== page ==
Before becoming a household name, you spent some time living in NYC and performed with the Public Theater. Can you tell us a little about that time?
I lived in New York from ’98 to 2005. I went to grad school for three years at NYU and then lived for another four or five years in the Village, in Harlem, and in Fort Greene, Brooklyn. I worked at the Public Theater three or four times. I’ve done Shakespeare in the Park, I’ve done a couple of productions in the downtown stages and I loved that city. I love the pulse of that city, I love the sense of community that just sort of happens by virtue of being a part of that city. You have to work a little bit harder to cultivate when you’re in Los Angeles. I love being around theater people, I believe that some of the best actors come from the stage. They have a fierceness and intelligence that mandates that you necessarily have to have in order to have the stamina to do eight shows a week. So I go back as much as I possibly can, it gets a little bit harder with two kids and a wife — something that works for the whole family. But New York is where I really sort of found myself as an actor.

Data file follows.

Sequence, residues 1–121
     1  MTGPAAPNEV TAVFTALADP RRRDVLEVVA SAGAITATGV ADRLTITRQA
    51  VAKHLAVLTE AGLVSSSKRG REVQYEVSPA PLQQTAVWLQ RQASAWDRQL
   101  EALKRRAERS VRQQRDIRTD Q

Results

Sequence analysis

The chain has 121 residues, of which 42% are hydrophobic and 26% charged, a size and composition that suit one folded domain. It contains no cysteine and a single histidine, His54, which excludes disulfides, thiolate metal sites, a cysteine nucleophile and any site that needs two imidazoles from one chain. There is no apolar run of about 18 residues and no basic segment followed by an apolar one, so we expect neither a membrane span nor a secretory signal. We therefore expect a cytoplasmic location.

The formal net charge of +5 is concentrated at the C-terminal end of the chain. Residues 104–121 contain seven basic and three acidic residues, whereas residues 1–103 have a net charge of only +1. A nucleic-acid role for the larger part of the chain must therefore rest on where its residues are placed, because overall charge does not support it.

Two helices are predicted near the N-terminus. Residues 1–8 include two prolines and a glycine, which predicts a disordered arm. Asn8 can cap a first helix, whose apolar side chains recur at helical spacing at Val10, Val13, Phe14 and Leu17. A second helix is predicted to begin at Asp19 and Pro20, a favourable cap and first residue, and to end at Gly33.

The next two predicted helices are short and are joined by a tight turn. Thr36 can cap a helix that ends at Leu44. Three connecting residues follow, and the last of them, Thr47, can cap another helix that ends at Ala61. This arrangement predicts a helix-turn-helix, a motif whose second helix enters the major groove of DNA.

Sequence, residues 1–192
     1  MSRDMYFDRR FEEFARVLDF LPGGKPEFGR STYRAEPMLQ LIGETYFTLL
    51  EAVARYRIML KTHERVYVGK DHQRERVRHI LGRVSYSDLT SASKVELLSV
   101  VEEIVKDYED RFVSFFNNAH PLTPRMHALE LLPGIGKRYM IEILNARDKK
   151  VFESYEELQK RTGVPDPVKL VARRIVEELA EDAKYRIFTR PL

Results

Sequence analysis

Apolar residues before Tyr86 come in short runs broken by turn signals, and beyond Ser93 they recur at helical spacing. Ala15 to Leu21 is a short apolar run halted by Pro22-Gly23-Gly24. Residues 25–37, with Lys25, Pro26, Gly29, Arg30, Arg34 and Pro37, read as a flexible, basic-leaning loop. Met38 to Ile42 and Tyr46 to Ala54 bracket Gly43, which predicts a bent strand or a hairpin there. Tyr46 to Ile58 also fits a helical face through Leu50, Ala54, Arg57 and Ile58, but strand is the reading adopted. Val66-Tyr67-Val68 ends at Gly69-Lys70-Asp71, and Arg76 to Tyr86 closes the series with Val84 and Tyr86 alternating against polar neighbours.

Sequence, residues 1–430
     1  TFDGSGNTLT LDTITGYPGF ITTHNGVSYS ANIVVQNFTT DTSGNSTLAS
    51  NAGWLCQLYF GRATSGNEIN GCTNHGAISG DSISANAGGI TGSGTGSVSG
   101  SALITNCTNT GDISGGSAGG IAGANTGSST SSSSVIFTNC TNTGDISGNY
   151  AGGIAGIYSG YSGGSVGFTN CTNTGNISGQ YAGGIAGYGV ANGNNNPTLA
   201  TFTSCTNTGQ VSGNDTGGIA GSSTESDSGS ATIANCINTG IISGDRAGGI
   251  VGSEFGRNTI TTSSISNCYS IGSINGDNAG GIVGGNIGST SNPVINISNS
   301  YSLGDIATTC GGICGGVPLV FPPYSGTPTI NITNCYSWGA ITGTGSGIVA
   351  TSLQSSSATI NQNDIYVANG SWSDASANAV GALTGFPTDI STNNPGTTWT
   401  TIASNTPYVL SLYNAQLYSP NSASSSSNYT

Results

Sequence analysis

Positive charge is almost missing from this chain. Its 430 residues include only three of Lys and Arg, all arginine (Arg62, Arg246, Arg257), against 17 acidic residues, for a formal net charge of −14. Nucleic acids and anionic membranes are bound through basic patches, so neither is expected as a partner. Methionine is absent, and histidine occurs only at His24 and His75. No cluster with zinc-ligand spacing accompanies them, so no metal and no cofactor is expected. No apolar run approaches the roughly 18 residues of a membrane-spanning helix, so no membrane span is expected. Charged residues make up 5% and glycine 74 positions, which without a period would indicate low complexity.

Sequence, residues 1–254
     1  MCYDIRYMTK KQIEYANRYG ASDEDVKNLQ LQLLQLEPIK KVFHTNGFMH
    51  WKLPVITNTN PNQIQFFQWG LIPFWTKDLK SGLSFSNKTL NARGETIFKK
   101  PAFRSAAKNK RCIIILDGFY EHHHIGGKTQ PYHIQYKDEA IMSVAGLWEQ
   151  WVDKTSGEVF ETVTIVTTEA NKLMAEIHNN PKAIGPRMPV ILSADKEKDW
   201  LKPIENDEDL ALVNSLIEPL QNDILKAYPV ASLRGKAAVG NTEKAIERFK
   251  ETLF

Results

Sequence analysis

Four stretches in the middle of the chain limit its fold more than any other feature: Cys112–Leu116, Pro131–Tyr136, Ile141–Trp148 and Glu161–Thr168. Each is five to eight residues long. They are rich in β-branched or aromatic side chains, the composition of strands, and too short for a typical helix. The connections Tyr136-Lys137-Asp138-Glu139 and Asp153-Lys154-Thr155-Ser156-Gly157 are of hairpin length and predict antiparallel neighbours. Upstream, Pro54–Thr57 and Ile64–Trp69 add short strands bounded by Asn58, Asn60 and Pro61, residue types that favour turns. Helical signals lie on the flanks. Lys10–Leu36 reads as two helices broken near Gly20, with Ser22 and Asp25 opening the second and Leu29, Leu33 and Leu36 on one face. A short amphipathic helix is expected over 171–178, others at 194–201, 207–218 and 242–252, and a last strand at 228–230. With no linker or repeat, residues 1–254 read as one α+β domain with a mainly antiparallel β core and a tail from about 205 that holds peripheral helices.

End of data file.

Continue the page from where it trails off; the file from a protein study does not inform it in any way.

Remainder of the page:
Can we expect to see you return to the stage again one day?
Oh, absolutely. Absolutely, I have never stopped doing theater. I did a play at the Public just a few years ago by Suzan-Lori Parks, that I got a to do out in Los Angeles as well, “Father Comes Home From the Wars (Parts 1, 2 & 3).” So when she comes out with the next part of her trilogy, parts four, five and six, hopefully she’ll give me a call and I get a chance to step into that once again.